second, Washington must "line up international support,"
lest it be "stretched too thin or (go) deeply into debt."
who left the State Department only last summer and served the elder
Bush as a top Middle East aide, not only made clear that he felt
neither condition had been met in Iraq; but that "American democracy
... (does) not mix well with empire" and that "the United States
is not geared to sustain costly wars of choice."
depicted the recent decision to speed the transition process as
a politically realistic move that will necessarily fall short of
the neo-cons' more ambitious goals.
a midcourse correction in US policy reflects in part the political
realities of Iraq ...; even more, though, the policy shift reflects
political realities at home. Domestic tolerance for costs
disrupted and lost lives above all is not unlimited. As a
result, the president is wise to reduce the scale of what we try
that Haass' analysis about the motives for the White House's change
of course in Iraq is correct, it still begs the question of whether
it, as well as the administration's softening on North Korea, Iraq
and the ICC, represents a major shift in the balance of power in
favor of the realists or a mere tactical feint designed to ease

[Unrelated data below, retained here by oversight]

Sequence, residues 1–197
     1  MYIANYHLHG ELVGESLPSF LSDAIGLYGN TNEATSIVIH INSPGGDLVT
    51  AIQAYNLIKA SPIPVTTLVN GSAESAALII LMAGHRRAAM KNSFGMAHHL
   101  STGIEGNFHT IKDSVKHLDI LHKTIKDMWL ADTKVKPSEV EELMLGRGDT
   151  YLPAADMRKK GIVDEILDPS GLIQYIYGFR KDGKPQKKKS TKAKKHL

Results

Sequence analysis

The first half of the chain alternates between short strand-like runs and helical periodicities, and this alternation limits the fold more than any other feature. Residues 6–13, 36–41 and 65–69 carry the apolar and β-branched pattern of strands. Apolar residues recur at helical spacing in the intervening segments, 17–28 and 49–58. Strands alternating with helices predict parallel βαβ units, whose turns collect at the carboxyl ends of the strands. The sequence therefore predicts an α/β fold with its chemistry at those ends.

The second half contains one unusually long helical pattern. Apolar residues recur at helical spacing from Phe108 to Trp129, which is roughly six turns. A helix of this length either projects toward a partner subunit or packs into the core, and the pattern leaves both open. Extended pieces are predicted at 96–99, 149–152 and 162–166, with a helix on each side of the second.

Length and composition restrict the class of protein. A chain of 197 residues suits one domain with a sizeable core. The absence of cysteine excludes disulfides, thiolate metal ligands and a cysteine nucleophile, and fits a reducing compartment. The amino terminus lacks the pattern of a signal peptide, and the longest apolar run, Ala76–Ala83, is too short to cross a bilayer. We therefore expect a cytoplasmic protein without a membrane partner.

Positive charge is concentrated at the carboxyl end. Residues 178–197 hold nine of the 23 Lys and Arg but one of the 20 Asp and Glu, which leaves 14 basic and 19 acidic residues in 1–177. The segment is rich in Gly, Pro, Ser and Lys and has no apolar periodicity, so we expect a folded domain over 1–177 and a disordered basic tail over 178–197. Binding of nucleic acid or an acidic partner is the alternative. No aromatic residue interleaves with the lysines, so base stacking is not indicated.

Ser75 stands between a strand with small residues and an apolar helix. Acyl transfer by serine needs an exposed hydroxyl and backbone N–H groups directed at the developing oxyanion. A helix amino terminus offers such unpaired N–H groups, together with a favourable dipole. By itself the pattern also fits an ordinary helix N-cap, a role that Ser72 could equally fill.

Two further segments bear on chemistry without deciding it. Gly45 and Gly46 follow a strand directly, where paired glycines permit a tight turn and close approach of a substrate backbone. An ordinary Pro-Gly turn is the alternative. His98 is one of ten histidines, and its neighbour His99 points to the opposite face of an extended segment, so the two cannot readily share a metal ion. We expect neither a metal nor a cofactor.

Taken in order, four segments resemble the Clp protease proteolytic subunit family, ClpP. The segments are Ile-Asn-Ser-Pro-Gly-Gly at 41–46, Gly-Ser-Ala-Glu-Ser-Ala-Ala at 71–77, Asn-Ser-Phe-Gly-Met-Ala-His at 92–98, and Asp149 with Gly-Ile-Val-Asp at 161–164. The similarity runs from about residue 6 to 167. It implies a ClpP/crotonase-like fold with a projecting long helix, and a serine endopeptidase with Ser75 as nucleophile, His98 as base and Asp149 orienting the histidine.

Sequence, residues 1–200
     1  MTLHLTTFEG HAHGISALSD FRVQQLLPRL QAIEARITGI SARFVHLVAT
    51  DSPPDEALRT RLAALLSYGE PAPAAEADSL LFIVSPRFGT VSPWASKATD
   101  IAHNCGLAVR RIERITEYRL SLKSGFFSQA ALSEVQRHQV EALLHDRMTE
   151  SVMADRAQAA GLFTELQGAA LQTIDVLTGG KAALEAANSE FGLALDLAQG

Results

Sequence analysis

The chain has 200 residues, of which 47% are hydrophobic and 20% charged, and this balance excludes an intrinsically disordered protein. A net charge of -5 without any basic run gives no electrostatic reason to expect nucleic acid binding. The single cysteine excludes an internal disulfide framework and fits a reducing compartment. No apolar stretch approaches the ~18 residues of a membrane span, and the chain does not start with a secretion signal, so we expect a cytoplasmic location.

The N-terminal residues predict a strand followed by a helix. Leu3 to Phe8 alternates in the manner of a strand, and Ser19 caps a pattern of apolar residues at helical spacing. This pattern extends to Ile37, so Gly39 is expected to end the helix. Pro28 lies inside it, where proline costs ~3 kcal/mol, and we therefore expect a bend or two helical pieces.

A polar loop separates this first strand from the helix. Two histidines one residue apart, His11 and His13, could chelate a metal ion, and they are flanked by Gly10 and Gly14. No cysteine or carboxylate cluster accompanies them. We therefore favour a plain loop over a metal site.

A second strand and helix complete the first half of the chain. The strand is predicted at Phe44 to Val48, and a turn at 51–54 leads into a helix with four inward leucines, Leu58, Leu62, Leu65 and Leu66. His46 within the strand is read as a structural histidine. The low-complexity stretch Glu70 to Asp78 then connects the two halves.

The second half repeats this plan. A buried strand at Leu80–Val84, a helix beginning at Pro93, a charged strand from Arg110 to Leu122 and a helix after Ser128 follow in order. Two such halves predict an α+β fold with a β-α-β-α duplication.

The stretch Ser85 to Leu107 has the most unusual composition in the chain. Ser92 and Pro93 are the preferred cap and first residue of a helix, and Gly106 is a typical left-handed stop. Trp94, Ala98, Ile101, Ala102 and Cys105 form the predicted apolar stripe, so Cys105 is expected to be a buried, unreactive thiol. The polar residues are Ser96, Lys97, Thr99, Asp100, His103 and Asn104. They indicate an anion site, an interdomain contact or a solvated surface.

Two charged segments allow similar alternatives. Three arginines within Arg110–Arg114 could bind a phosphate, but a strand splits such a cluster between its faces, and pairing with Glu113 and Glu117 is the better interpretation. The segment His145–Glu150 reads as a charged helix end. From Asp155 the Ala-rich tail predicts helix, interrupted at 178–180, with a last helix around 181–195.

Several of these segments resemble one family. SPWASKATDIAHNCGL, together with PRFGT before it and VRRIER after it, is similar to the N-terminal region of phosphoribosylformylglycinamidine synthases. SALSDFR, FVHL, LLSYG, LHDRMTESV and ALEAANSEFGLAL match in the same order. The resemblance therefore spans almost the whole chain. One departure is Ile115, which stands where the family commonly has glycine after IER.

growing popular concerns in advance of next year's election.
who have shown uncharacteristic disarray in response to setbacks
in Iraq, still insist they have full confidence in Bush to follow
their policy advice as part of the global war on terrorism, including
even argue that stepped-up "Iraqification" is what they had recommended
for years before the invasion, and that the president and Bremer
have now come around to those views.
it is clear that the process now underway bears little relation
to their original plans, and the fact that the dreaded Near East
bureau and veterans of the Bush I administration appear to be gaining
control of Iraq policy suggests their displays of confidence may
recent speculation here that Bremer and Blackwill rather
than Deputy Defense Secretary Paul Wolfowitz and Cheney's national
security chief, I. Lewis Libby might inherit the State Department
and the national security adviser post, respectively, in a second
Bush term add further evidence to the notion that the neo-cons might
be in eclipse.
Lobe is Inter Press Service's correspondent in Washington, DC.
© 2003 Inter Press Service